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Population ageing, household portfolios and financial asset returns: A survey of the literature

  • Marianna Brunetti

    ()

Population ageing is a recognised phenomenon affecting many countries in the world including most EU ones, Japan and US. The financial implications of this phenomenon can be manifold and some recent literature has focused in particular on the possible consequences of ageing on household portfolios and on main financial asset returns ones. Overall, the extant literature on household portfolios reports a significant effect of age on asset allocation, thereby providing evidence in favour of the standard life-cycle hypothesis. On the other hand, empirical results on the link between demographics and financial asset prices/returns are less uniform. The aim of this paper is to systematize the extant literature on these issues and to provide an overview of the main results reported so far, trying to evaluate whether the different conclusions reached depend on the approach taken in the empirical exercises rather than on the actual differences, in terms of demographic dynamics, public pension systems and financial markets, of the realities considered.

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Paper provided by Universita di Modena e Reggio Emilia, Dipartimento di Economia "Marco Biagi" in its series Centro Studi di Banca e Finanza (CEFIN) (Center for Studies in Banking and Finance) with number 07051.

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Length: pages 42
Date of creation: May 2007
Date of revision:
Handle: RePEc:mod:wcefin:07051
Contact details of provider: Web page: http://www.economia.unimore.it
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  1. David Bloom & David Canning & Rick Mansfield & Michael Moore, 2006. "Demographic Change, Social Security Systems, and Savings," PGDA Working Papers 1906, Program on the Global Demography of Aging.
  2. James M. Poterba, 2004. "The impact of population aging on financial markets," Proceedings - Economic Policy Symposium - Jackson Hole, Federal Reserve Bank of Kansas City, issue Aug, pages 163-216.
  3. Martin Browning & Annamaria Lusardi, 1995. "Household Saving: Micro Theories and Micro Facts," Department of Economics Working Papers 1995-02, McMaster University.
  4. James M. Poterba & Andrew Samwick, 2001. "Household Portfolio Allocation over the Life Cycle," NBER Chapters, in: Aging Issues in the United States and Japan, pages 65-104 National Bureau of Economic Research, Inc.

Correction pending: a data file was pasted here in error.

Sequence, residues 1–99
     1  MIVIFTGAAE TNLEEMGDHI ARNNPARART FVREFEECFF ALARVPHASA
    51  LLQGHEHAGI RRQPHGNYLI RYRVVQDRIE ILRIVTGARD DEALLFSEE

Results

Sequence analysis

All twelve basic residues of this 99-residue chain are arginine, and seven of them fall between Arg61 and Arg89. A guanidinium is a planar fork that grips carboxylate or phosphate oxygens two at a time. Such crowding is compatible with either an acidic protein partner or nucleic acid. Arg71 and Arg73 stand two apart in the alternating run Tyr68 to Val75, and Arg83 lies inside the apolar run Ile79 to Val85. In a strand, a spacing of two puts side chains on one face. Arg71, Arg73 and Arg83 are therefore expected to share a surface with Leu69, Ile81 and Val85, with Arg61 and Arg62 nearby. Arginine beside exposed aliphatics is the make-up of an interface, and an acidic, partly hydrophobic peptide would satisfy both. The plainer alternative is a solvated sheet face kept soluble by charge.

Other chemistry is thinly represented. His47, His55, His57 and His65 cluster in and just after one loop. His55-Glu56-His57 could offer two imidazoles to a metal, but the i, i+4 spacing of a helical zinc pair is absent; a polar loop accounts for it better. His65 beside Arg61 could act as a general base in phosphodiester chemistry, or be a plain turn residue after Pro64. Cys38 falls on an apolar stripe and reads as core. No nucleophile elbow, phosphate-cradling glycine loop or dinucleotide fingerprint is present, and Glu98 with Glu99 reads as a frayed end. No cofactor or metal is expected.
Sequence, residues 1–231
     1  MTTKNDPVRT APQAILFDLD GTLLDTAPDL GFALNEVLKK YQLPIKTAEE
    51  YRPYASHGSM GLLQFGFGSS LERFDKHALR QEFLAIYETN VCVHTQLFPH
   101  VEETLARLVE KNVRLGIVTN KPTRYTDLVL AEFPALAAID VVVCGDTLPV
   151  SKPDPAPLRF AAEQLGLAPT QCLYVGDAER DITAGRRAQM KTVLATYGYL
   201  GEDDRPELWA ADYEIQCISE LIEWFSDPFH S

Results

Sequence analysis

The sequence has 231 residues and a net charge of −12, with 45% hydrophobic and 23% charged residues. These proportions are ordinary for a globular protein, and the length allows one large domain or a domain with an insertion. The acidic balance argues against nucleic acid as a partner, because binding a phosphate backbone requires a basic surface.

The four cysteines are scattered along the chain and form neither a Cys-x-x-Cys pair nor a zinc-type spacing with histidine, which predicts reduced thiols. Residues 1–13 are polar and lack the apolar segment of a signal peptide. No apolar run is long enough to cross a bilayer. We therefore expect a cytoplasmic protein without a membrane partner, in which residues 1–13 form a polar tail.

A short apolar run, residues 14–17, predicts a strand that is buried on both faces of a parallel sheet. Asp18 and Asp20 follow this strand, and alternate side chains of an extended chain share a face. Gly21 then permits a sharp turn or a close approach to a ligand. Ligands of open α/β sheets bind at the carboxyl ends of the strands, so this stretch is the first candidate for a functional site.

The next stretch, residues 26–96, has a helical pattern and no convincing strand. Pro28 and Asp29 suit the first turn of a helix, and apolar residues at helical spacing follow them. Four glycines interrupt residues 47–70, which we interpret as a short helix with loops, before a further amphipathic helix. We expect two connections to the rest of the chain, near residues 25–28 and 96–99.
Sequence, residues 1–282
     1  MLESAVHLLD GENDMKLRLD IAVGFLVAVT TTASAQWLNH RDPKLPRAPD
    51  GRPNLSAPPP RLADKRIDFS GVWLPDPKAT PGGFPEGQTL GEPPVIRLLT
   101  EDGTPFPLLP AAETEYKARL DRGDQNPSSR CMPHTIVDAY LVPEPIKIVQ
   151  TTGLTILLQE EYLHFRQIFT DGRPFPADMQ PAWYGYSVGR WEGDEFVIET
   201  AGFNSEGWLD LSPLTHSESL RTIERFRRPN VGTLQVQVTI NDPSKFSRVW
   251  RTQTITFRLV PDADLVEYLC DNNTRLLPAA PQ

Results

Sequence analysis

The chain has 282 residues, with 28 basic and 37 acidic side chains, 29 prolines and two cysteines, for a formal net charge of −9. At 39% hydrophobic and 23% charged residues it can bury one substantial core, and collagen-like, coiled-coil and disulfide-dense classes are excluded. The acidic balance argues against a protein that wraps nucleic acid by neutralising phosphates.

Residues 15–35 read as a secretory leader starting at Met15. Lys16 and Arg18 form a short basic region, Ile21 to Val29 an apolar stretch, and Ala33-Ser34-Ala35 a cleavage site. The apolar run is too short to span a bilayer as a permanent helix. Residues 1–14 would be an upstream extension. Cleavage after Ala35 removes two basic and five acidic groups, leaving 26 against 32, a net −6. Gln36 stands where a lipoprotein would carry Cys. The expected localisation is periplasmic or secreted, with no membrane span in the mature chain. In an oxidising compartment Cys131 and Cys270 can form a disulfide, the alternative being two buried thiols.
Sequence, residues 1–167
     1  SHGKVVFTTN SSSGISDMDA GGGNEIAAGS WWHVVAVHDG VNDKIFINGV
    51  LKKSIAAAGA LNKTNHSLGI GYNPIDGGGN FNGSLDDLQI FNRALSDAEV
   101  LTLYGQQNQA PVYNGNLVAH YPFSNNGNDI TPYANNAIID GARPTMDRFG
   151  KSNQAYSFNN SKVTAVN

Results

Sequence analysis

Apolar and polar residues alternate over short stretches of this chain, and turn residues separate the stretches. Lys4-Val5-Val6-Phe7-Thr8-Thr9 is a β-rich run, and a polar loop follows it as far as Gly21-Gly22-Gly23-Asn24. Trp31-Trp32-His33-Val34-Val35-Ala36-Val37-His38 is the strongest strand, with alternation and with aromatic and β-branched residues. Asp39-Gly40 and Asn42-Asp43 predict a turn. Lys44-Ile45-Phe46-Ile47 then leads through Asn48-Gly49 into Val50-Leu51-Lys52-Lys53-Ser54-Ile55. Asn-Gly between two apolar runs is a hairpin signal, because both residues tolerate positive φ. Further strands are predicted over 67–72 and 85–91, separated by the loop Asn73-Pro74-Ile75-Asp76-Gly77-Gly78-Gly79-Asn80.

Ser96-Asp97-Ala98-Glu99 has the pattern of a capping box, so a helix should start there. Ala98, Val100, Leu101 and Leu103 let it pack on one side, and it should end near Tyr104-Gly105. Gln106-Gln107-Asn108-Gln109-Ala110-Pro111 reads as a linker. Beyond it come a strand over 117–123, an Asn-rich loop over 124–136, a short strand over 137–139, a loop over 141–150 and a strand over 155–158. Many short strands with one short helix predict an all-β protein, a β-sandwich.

5. James Poterba & Steven Venti & David A. Wise, 2007. "The Decline of Defined Benefit Retirement Plans and Asset Flows," NBER Working Papers 12834, National Bureau of Economic Research, Inc.
  6. Guiso, Luigi & Jappelli, Tullio, 2000. "Household Portfolios in Italy," CEPR Discussion Papers 2549, C.E.P.R. Discussion Papers.
  7. Author-Name: John Geanakoplos & Michael Magill & Martine Quinzii, 2004. "Demography and the Long-Run Predictability of the Stock Market," Brookings Papers on Economic Activity, Economic Studies Program, The Brookings Institution, vol. 35(1), pages 241-326.
  8. Jappelli, Tullio, 1999. "The Age-Wealth Profile and the Life-Cycle Hypothesis: A Cohort Analysis with Time Series of Cross-Sections of Italian Households," Review of Income and Wealth, International Association for Research in Income and Wealth, vol. 45(1), pages 57-75, March.
  9. James Banks & Tanner, S, 2000. "Household portfolios in the UK," IFS Working Papers W00/14, Institute for Fiscal Studies.
  10. David E. Bloom & David Canning, 2004. "Global demographic change : dimensions and economic significance," Proceedings - Economic Policy Symposium - Jackson Hole, Federal Reserve Bank of Kansas City, issue Aug, pages 9-56.
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  12. Andrew B. Abel, 2001. "Will Bequests Attenuate the Predicted Meltdown in Stock Prices When Baby Boomers Retire?," NBER Working Papers 8131, National Bureau of Economic Research, Inc.
  13. Kedar-Levy, Haim, 2006. "Can baby-boomers' retirement increase stock prices?," The Quarterly Review of Economics and Finance, Elsevier, vol. 46(2), pages 284-299, May.
  14. David M. Cutler & James M. Poterba & Louise M. Sheiner & Lawrence H. Summers, 1990. "An Aging Society: Opportunity or Challenge?," Brookings Papers on Economic Activity, Economic Studies Program, The Brookings Institution, vol. 21(1), pages 1-74.
  15. James M. Poterba, 2001. "Demographic Structure And Asset Returns," The Review of Economics and Statistics, MIT Press, vol. 83(4), pages 565-584, November.
  16. Robin Brooks, 2006. "Demographic Change and Asset Prices," RBA Annual Conference Volume, in: Christopher Kent & Anna Park & Daniel Rees (ed.), Demography and Financial Markets Reserve Bank of Australia.
  17. Andrew B. Abel, 2003. "The Effects of a Baby Boom on Stock Prices and Capital Accumulation in the Presence of Social Security," Econometrica, Econometric Society, vol. 71(2), pages 551-578, March.
  18. repec:fth:harver:1490 is not listed on IDEAS
  19. Carol Bertaut & Martha Starr-McCluer, 2000. "Household portfolios in the United States," Finance and Economics Discussion Series 2000-26, Board of Governors of the Federal Reserve System (U.S.).
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